Aneurysm Lawyer - Medical Malpractice Compensation - Canada
A cerebral aneurysm or brain aneurysm, occurs when a blood vessel in the brain balloons outward. When this happens, the wall of the vessel can become quite thin and leak or rupture, causing bleeding in the brain, leading to a hemorrhagic stroke. Aneurysms are commonly found in the area between the layers covering the brain and the brain itself, which causes a serious medical condition known as a subarachnoid hemorrhage.
The majority of cerebral aneurysms do not ever rupture or leak. They are often found during routine brain tests or scans and are typically monitored to make sure they are not growing in size or causing problems. In some cases, aneurysms that have not ruptured may be treated to ensure they will not cause harm.
In the event that a brain hemorrhage or cerebral aneurysm was missed, improperly diagnosed, or surgery to repair the problem was botched, an aneurysm lawyer may be able to help you recover damages for your injuries.
Signs and Symptoms
An aneurysm that has not ruptured typically has few signs or symptoms. That being said, an aneurysm that has ruptured can cause many symptoms including: severe headaches, blurry vision, stiff neck, double vision, vomiting, difficulty concentrating, confusion, eyelid drooping on one side of the face, seizures and lack of consciousness.
Aneurysms that are leaking often cause severe headaches, but not other neurological symptoms. In some cases, aneurysms that are not ruptured or leaking may cause a bit of pain above one eye, numbness or paralysis of one part of the body, vision changes, a droopy eyelid, or a dilated pupil.
Unfortunately, a patient may visit the hospital or doctor to address a serious headache, and is told to return home and take over the counter pain medication. In a short period of time, the person may lose consciousness and have little chance of recovery. When this happens, negligence has occurred and a brain hemorrhage lawyer can help.
While a cerebral aneurysm can happen in anyone, there are certain risk factors that increase a personâ€™s chances of being affected. Factors such as smoking, having elevated blood pressure, illegal drug use, head injuries, alcohol abuse, low post menopausal estrogen levels, arteriosclerosis or a hardening of the arteries, a family history of aneurysms, certain types of infections, weakened blood vessels, kidney disease, and a narrowing of the aorta can all increase your risk of a aneurysm.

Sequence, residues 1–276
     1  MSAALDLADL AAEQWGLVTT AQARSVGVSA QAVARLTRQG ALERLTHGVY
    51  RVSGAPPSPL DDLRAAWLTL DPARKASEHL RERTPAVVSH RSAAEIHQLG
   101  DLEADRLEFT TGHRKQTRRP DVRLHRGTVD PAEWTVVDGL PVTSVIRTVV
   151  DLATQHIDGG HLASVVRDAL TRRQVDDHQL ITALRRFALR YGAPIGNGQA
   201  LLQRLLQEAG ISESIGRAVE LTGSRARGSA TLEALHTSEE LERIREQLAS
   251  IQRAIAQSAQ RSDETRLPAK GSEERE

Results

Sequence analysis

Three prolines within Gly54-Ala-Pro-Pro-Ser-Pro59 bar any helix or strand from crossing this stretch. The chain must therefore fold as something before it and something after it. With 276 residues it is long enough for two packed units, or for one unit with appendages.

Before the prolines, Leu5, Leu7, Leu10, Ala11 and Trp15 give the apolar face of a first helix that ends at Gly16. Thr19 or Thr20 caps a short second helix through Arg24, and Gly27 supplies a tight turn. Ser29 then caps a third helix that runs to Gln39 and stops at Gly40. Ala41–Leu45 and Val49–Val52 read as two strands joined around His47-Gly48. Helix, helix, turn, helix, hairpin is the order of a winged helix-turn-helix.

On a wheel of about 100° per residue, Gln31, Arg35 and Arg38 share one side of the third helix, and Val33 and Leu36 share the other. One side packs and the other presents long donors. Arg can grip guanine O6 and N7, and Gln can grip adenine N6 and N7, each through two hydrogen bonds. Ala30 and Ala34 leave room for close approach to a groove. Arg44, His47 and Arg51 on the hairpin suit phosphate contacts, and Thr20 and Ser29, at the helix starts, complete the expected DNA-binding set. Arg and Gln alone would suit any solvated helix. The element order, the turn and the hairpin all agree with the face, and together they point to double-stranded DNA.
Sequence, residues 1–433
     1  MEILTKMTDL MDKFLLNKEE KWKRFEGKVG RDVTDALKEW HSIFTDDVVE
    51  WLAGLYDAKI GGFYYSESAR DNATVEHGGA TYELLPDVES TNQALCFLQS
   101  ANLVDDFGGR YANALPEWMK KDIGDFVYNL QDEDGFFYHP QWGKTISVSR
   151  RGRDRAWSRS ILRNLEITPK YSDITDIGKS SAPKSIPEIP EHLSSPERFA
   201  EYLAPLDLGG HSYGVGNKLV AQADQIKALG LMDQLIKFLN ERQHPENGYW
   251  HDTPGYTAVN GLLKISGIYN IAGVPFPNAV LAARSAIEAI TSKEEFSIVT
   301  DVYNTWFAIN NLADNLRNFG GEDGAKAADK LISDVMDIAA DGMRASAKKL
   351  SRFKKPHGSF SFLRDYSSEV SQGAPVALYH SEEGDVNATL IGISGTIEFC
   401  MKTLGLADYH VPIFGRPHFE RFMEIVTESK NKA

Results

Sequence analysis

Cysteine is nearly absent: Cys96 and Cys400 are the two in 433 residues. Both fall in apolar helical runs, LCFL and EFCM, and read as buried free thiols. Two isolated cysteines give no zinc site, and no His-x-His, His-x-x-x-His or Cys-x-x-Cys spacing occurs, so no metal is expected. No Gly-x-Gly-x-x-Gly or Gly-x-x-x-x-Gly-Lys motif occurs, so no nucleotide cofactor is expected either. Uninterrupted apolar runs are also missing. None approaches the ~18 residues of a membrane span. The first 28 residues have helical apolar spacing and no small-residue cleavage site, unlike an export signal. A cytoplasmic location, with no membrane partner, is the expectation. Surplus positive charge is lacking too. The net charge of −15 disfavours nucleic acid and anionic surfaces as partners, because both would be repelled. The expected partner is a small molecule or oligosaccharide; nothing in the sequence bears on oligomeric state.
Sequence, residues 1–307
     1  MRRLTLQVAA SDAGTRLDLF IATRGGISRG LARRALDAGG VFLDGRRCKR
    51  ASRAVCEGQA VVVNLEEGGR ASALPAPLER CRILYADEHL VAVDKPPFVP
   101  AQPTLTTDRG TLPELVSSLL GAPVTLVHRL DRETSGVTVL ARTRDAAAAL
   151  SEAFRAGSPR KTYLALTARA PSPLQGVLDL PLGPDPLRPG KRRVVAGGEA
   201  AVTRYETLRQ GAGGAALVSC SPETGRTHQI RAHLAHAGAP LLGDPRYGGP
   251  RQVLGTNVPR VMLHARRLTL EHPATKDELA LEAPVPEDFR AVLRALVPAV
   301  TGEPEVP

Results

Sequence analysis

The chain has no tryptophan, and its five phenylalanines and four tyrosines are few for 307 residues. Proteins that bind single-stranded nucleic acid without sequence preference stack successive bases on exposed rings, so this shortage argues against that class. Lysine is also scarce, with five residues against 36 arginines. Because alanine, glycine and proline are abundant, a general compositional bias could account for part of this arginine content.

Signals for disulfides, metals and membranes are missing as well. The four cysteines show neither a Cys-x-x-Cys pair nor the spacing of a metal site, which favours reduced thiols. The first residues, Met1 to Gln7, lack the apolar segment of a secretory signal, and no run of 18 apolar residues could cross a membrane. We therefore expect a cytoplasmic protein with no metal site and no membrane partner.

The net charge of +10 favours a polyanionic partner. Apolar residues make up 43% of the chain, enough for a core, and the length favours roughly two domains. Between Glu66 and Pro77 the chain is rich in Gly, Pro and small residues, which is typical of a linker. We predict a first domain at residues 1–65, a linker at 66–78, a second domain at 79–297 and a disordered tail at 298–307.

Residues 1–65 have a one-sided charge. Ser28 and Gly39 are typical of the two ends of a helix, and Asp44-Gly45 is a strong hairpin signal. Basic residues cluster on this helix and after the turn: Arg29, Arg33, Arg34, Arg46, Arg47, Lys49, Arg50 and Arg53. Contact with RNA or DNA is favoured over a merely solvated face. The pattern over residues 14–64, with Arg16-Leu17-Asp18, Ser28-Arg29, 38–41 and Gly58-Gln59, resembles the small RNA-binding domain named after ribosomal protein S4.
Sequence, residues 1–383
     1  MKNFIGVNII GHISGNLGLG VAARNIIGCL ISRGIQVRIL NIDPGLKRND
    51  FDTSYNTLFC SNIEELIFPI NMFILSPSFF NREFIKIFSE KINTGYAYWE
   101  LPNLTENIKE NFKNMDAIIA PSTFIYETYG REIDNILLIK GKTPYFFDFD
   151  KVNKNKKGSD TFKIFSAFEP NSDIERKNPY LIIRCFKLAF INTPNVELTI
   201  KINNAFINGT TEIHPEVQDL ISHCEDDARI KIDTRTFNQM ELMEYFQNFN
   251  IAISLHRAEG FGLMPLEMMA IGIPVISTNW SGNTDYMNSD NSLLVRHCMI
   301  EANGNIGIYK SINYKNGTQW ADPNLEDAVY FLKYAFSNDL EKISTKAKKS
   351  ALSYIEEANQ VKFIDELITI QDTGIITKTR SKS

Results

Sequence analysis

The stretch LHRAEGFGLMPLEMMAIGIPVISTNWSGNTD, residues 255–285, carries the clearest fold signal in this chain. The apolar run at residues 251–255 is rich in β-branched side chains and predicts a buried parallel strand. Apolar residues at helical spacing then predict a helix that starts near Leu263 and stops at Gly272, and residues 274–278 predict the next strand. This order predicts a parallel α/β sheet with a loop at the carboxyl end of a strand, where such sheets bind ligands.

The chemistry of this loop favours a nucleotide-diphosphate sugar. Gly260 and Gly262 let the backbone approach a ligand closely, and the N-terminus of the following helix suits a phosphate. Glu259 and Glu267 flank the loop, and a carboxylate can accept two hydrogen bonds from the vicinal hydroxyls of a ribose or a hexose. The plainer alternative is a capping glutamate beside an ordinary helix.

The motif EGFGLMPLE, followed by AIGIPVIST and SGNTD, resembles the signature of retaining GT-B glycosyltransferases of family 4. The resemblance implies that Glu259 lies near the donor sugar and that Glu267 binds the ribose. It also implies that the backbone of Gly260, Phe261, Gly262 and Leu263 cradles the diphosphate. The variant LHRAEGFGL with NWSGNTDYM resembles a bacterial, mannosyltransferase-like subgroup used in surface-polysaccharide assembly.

In most cases, aneurysms that need treatment require surgery to halt the bleeding. There are two main surgical procedures that are preformed to achieve this result. One involves opening the skull and using a metal clip to pinch off the aneurysm. The second option is less invasive, and uses a catheter that is placed into the artery and is threaded to the site that is bleeding. This done by using a guide wire that pushes a platinum wire into the aneurysm; it coils and causes the bleed to clot. This is often referred to as endovascular coiling. Even though this procedure is less invasive, it does have a higher chance of the bleeding reoccurring.
Following surgery, the remainder of treatment for a brain aneurysm is supportive in nature. Pain medications are given to manage pain, calcium channel blockers are administered to control the vasospasm near the ruptured artery, and vasopressors are prescribed to prevent strokes. In some cases medication may be needed to prevent seizures as well. If there is pressure on the brain, a ventricular catheter may be used to drain some of the fluid into the abdomen. In the event there is neurological damage, rehabilitation may also be required.
If there was any form of inadequate medical treatment of a brain hemorrhage, a medical malpractice lawyer may be able to help you file a claim to recover damages for your loss.LAWYER HELPLINE: ☎ 855 804 7142